Mark Reads ‘The Return of the King’: Book 2, Chapter 7

In the seventh chapter of the second book of The Return of the King, the hobbits make their way back to the Shire. Intrigued? Then it’s time for Mark to read The Lord of the Rings.


Okay, first of all, let me get this out of the way: it disturbs me that I am so distracted by the title of this chapter because I feel like there’s no real reason to imagine this all as Homeward Bound. The film. Like, I have literally not thought of that movie in a decade. I barely even remember it, despite that I saw it like fifteen times in a year when I was eleven. That was seventeen years ago, so I don’t feel that bad about being unable to remember much of anything. But why is my brain so obsessed with thinking about a Homeward Bound / Lord of the Rings crossover? Absolutely ZERO PERCENT OF THIS makes any sense, and none of it would be good, and I don’t even know how I could make it a good crack fic. I mean, I guess they are kind of related? WHY THE FUCK AM I SPENDING MORE THAN TEN SECONDS THINKING ABOUT THIS?

Okay, I’m moving on. Can we just talk about how much this part in the beginning fucks me up?

‘There is no real going back. Though I may come to the Shire, it will not seem the same; for I shall not be the same. I am wounded with knife, sting, and tooth, and a long burden. Where shall I find rest?’

Gandalf did not answer.

Look, my life is not The Lord of the Rings, and that’s mostly because there is no way I would survive longer than five minutes in any historical time period aside from the present and through the future. Sorry, I wouldn’t! I’ve just accepted that. (This reminds me of people I’ve seen online wishing that Westeros was real, and my instant response is NO WHAT THE FUCK WHY WOULD YOU THINK THAT WE WOULD ALL BE DEAD FROM THIS MOMENT ON AND NO THAT IS AN AWFUL TERRIBLE AWFUL AGAIN IDEA.) However, I can’t help but find a very specific subtext to this passage that I can relate to, and I’m sure some of you can, too. For me, I can’t go back to Riverside, the city I spent the most time growing up in, without feeling wrong. I know that I can never truly go back there and feel like I’m a part of anything, and Frodo’s right about why. I’ve changed. I’ve changed so much from the person I once was in high school that the memories and experiences I had distract me from ever genuinely belonging to anything. And it’s not just that I fell out of contact with people I once knew and were friends with. I’m still familiar with the city and the house I grew up with. It’s just that my memories have irrevocably changed my perception of everything. It makes me feel like I’m almost a fraud who steps into the role of my own life.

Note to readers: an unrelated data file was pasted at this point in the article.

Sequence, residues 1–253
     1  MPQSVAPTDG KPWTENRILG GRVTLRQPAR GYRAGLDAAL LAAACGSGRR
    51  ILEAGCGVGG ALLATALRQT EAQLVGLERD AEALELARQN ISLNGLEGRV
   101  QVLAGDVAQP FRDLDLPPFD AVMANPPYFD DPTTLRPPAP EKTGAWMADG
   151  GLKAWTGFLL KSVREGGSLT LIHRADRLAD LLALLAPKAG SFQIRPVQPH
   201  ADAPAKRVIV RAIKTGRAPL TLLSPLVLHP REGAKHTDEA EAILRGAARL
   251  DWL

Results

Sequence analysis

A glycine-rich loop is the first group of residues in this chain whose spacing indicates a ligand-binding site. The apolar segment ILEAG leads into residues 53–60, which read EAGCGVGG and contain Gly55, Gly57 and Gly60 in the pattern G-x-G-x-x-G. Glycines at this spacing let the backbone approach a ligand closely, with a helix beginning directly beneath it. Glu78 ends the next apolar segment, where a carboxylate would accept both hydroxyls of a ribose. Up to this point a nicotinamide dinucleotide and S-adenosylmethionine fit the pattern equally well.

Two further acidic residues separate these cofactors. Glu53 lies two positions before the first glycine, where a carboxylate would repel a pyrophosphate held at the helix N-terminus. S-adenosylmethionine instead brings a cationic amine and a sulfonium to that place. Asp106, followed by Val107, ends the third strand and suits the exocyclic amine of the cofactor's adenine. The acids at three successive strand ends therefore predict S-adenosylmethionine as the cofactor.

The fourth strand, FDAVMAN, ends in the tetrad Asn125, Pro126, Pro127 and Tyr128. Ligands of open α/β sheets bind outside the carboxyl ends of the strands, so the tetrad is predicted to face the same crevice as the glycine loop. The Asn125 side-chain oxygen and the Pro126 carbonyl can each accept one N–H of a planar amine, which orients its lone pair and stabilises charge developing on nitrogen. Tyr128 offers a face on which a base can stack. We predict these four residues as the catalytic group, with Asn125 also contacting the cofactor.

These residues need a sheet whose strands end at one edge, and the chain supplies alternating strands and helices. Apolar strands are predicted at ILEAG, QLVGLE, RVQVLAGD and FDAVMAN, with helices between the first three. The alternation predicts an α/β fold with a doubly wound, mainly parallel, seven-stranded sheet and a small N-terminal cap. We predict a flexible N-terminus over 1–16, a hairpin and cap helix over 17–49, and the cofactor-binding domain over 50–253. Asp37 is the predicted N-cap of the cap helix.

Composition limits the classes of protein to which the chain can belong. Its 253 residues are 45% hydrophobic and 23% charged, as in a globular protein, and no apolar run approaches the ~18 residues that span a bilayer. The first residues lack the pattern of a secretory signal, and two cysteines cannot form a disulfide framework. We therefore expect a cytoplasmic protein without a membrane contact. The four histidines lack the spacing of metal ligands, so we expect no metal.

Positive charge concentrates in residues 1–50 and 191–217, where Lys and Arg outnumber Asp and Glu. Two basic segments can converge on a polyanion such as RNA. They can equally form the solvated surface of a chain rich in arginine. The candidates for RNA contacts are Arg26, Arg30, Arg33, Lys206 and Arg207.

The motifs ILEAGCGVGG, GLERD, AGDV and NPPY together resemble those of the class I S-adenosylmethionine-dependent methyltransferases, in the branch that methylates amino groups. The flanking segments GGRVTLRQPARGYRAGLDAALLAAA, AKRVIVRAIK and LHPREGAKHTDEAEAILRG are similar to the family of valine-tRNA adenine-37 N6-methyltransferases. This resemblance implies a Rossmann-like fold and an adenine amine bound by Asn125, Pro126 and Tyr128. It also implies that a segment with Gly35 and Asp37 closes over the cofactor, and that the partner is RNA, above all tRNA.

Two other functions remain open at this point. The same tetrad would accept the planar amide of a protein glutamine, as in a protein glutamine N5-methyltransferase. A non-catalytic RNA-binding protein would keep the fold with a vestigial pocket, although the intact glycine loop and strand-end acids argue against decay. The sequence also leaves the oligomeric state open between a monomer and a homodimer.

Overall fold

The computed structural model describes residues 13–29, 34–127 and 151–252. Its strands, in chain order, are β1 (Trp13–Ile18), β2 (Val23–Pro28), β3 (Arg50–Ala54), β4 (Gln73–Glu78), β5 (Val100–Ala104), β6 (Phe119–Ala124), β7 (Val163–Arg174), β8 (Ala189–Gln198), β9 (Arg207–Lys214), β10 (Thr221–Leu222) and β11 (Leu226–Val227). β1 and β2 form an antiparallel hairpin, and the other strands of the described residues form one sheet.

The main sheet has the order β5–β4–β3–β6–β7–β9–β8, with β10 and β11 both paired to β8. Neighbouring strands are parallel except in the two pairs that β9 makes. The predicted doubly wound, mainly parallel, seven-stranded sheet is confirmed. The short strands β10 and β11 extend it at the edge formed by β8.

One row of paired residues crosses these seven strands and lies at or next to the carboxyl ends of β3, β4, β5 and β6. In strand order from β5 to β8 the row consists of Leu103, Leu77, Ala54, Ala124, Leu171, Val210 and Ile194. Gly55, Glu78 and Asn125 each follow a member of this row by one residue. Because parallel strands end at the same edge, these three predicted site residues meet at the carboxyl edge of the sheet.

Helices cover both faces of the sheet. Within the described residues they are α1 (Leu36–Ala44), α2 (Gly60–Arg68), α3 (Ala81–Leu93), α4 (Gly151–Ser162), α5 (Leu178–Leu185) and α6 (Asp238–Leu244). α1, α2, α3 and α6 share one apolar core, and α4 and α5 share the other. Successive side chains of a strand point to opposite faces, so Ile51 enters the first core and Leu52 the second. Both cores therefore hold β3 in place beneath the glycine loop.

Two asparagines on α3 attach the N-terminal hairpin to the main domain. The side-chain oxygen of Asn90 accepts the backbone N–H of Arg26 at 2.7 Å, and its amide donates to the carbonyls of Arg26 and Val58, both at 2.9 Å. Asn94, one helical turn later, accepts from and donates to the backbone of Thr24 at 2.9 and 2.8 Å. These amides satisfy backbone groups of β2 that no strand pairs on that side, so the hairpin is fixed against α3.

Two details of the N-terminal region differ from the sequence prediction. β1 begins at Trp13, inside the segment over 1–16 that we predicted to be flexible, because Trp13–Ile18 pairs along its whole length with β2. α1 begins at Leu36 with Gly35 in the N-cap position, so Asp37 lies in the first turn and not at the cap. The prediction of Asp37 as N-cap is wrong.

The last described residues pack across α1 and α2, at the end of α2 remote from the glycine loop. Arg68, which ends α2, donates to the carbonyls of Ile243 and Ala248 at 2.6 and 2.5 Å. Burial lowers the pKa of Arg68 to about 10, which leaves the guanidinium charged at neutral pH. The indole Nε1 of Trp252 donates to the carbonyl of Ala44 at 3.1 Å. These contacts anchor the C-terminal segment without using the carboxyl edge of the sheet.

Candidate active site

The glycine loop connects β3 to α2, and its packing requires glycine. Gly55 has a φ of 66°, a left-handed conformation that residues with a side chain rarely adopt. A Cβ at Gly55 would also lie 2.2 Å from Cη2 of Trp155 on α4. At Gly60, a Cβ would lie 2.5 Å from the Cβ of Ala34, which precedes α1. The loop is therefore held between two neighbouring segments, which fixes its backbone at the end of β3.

For Frodo, it’s framed in this idea that he can’t rest, and I totally get that this isn’t referring to a physical sleep. Bilbo had the same problem! After going on such an intense journey, how can he feel content living in the same house and never seeing more of the world? I’m currently writing this on a plane back to San Francisco after my first tour has ended, and I feel a strange attachment to this passage. I already feel restless being back in a place that is static and that has a routine.